A Permanent Reality Show

There is a growing trend to make news of the entertainment business into a form of entertainment itself, as if it were its own endless and fascinating reality show.  What does this tell us?

If one blockbuster movie noses out another in ticket sales over a weekend, for example, that’s now more likely to be reported in the entertainment section of the daily paper than on the business pages, even though it is far more likely to affect the profits of the film’s producers and distributors more than the life of any viewer.  If a new album by a pop star has disappointing sales, that, too, becomes entertainment news though it will affect the record company and its investors more than the consumer.  It’s all about the success of the product, not the quality or interest of the entertainment.

We follow the careers of actors and sports figures, the amount if money they make, their affairs, their new contracts, and so on.  This is part of our celebrity culture, the way we live vicariously through others.  But this focus on business itself is different.  It’s not about any one person or figure.  It’s pure cash and statistics.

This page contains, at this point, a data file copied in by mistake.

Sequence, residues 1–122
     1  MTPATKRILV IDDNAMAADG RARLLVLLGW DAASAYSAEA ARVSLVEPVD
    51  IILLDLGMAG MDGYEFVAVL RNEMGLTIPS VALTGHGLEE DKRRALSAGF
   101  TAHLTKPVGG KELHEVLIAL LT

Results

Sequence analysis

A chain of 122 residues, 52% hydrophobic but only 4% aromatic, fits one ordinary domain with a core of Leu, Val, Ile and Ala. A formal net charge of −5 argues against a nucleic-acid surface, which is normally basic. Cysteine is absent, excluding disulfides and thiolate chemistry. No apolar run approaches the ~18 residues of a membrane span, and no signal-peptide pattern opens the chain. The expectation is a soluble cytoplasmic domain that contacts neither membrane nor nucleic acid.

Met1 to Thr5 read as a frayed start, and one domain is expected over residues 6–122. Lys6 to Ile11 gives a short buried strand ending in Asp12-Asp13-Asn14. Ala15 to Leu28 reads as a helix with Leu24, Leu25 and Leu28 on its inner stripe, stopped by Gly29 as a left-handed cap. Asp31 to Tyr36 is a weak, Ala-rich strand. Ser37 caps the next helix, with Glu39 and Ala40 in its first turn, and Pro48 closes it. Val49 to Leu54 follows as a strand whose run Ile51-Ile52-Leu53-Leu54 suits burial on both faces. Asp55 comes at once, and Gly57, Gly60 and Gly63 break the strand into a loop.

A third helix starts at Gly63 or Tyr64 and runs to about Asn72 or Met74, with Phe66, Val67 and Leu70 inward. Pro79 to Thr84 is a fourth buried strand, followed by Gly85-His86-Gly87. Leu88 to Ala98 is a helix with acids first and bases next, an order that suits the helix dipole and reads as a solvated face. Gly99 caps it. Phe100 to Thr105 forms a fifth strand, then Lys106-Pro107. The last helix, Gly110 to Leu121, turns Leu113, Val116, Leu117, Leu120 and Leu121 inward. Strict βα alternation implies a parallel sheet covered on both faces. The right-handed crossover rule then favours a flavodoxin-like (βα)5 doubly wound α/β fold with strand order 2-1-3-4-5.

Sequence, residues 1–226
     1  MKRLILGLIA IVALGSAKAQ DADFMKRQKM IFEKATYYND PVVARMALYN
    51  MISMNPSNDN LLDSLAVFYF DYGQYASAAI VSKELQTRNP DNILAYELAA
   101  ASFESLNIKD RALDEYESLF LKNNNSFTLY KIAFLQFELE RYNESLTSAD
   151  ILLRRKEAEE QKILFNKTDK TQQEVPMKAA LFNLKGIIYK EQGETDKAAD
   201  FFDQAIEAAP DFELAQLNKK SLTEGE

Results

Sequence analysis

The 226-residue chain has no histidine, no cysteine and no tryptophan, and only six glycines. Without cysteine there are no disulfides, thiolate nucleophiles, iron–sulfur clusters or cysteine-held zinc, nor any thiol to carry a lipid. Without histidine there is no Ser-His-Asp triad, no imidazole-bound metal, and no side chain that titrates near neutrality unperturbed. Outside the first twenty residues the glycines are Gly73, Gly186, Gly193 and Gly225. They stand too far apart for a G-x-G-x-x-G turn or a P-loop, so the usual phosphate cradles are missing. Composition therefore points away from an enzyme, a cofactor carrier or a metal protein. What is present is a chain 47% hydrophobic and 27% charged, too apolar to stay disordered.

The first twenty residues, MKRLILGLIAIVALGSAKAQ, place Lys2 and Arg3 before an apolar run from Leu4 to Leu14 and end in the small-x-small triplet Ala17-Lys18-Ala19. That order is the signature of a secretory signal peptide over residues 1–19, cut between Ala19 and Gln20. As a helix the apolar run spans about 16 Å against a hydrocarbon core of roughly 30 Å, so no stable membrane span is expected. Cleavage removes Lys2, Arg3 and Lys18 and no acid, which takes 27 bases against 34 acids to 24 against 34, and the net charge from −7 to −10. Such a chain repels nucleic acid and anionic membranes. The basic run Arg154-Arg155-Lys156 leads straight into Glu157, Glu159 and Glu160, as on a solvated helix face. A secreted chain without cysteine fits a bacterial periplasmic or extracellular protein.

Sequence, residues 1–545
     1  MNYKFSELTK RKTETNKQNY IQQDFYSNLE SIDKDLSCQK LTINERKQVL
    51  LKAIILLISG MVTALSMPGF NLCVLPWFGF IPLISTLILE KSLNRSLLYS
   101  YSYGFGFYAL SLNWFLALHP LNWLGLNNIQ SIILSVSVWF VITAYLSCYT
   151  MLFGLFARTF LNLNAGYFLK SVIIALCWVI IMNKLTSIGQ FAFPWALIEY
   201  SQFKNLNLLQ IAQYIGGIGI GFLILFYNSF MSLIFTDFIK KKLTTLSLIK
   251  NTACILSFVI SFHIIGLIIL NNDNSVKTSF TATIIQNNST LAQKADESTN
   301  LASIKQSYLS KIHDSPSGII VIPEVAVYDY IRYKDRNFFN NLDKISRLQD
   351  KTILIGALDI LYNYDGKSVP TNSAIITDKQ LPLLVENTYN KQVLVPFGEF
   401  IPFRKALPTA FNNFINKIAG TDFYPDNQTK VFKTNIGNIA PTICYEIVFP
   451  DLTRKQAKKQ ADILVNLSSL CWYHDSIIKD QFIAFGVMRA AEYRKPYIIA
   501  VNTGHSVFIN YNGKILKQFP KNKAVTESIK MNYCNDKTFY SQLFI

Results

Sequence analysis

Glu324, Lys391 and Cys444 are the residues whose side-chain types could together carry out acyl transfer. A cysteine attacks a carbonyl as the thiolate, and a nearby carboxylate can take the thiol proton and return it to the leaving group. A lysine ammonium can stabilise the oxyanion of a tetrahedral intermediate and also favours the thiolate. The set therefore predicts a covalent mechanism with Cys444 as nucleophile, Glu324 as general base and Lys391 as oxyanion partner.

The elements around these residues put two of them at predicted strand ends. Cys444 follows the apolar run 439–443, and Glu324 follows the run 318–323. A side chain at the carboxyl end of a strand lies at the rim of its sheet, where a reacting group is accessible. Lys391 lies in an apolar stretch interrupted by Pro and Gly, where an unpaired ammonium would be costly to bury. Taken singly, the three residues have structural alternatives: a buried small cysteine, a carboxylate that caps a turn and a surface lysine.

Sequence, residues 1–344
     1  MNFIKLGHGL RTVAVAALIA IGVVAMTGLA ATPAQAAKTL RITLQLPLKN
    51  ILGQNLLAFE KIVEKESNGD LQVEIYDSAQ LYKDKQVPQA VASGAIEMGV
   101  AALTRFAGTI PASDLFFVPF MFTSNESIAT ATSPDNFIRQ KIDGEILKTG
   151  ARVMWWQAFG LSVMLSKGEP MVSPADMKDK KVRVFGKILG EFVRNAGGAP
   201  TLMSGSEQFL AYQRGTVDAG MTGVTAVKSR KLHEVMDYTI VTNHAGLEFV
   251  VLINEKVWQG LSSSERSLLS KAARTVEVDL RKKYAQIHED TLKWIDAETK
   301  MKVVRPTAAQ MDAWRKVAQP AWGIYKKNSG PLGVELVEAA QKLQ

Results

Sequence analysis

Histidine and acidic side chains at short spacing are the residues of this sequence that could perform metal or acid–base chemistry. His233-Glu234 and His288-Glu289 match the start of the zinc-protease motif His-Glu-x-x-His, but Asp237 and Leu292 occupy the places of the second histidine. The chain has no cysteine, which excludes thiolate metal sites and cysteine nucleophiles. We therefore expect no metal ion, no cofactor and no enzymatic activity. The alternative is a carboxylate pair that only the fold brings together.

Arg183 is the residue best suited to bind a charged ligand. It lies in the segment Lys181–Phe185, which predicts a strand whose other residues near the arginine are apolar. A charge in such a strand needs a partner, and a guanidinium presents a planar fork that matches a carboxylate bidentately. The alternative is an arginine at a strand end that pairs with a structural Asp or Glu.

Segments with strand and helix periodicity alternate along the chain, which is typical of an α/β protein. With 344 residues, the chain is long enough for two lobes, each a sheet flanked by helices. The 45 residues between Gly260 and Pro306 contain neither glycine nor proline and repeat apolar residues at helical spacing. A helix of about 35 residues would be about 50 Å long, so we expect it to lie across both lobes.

In last Sunday’s New York Times Magazine, James Kirns noted: “We have become a society that is fixated on process and absorbed by the slippery, complex machinations of the middlemen, brokers and executives who conspire offstage to determine what takes place onstage.”  He wondered, “What purpose is served by this spreading fascination — this compulsive preoccupation, really — with transactions instead of actions and with negotiating maneuvers instead of outcomes?”

He proposes the term “procedural voyeurism” to describe the phenomenon.  That’s awkward, but the “voyeurism” is dead on.  The public is looking in on events in which they have no say, no standing, no impact.  The gratification is entirely at a distance.  But what purpose does it serve, as Kirns asks?  Why have these dramas come to occupy center stage?  (See, “The Art of the Deal as Entertainment.”)

For one thing, the more conventional forms of entertainment are losing their power.  Swamped by digital media, the public is no longer absorbed by the increasingly standardized products of the entertainment industry.  The ritualized summer blockbusters and assembly-line hits, tailor-made to fit the market, no longer really surprise.

By focusing backstage, behind the scenery, where real power is being exerted, on the other hand, the media satisfies our thirst for authentic dramas of success – and failure.  The public is mesmerized is the spectacle of the money and influence they don’t have.

That’s the second part:  as real income declines for most, and our social safety nets are being dismantled, the public gets to experience opportunity and risk in these negotiations and deals.  If they can no longer hope much for themselves they can, at least, be captivated and enthralled by how it plays out for others.

Interesting to think that he dealmakers, agents, producers and moguls who compete for better contracts and greater profits unconsciously keep alive the promise of America.